Top Cybersecurity Takeaways From 2020
According to a recent report from the Information Systems Audit and Control Association (ISACA), cyberattacks currently reign as the fastest growing form of crime. In addition to security and reputational repercussions, these attacks can often cause significant financial disruption—with global cybercrime costs estimated to reach a startling $6 trillion during 2021. The Top Cybersecurity Takeaways from 2020 are listed below.
No organizations are immune to cyberattacks. In fact, over half (53%) of respondents from ISACA’s report expect to experience a cyberattack within the coming year. With this in mind, it’s important to review top cyber trends from the last 12 months and respond accordingly to ensure your organization remains safe and secure in 2021. Here are some of the most common cyber concerns from 2020, as well as best practices for avoiding them:
- Social engineering—Cybercriminals implement social engineering scams to manipulate their victims into sharing sensitive information. This manipulation usually occurs in the form of impersonating an individual or organization that the victim trusts, thus making the victim feel falsely comfortable with providing their information. While these scams can happen via text, phone call or email, the latter method (also known as phishing) is the most popular. To keep these scams from wreaking havoc on your organization, instruct staff to always verify the identity of the individual or organization they are communicating with and be wary of sharing any sensitive information over the phone or online.
- Ransomware—Ransomware is a type of malicious software that cybercriminals use to compromise a device (or multiple devices) and demand a large payment be made before restoring the technology for the victim. Since ransomware often appears in the form of deceptive links or attachments, encourage employees to never click on suspicious links or download attachments from unknown senders.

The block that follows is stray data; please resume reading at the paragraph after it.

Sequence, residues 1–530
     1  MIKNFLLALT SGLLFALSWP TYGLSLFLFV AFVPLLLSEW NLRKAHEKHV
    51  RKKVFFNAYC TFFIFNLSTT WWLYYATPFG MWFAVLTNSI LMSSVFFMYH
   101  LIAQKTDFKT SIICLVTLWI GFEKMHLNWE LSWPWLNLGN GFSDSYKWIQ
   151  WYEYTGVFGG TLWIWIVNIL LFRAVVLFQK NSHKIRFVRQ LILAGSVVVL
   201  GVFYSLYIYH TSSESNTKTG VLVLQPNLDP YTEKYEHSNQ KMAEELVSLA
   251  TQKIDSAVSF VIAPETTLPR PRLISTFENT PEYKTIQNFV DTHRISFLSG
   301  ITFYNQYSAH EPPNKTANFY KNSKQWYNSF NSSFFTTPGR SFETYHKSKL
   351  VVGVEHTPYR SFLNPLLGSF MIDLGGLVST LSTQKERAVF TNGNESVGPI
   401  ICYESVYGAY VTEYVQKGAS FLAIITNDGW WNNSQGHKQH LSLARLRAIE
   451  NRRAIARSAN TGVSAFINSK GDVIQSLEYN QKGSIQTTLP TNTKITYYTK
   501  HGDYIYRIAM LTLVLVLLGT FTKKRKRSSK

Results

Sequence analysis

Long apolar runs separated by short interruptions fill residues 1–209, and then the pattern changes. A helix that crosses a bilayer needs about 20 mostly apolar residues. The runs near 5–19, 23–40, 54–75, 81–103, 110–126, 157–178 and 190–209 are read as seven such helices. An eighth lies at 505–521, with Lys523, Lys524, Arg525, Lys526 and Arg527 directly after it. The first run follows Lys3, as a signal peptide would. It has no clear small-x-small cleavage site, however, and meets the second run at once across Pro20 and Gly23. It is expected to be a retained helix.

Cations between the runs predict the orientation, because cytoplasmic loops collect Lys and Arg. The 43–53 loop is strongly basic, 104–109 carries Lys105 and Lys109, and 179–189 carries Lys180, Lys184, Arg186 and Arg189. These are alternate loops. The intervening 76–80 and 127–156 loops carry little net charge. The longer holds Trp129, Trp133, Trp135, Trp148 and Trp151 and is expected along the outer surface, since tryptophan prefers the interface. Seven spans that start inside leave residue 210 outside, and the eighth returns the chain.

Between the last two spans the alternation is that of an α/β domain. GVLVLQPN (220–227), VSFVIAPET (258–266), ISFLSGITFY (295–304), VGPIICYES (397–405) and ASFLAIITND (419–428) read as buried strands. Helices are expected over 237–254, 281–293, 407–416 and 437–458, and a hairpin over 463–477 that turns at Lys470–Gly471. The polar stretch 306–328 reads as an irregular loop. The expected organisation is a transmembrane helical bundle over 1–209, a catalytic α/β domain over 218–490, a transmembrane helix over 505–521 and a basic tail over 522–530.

- Software update issues—Although conducting routine software updates may seem like an arbitrary act, it can make all the difference in protecting your organization. Failing to update your software regularly can create major cybersecurity gaps, making it easier for cybercriminals to infiltrate your systems. That being said, keep staff on a strict update schedule, and consider using a patch management system to further assist with updates.
Cybersecurity Takeaways: The Importance of Promoting Strong Passwords
Cyberattack methods continue to grow and evolve over time. One specific tactic that cybercriminals frequently utilize is hacking victims’ accounts or devices by cracking their passwords.
This tactic is often all too easy for cybercriminals when their targets fail to create strong enough passwords to ward off password-cracking technology or—in some cases—simple guesses.
Nevertheless, cybersecurity experts confirm that establishing an effective password can increase the amount of time it would take for a cybercriminal to hack into an account or device from just a few hours to several years.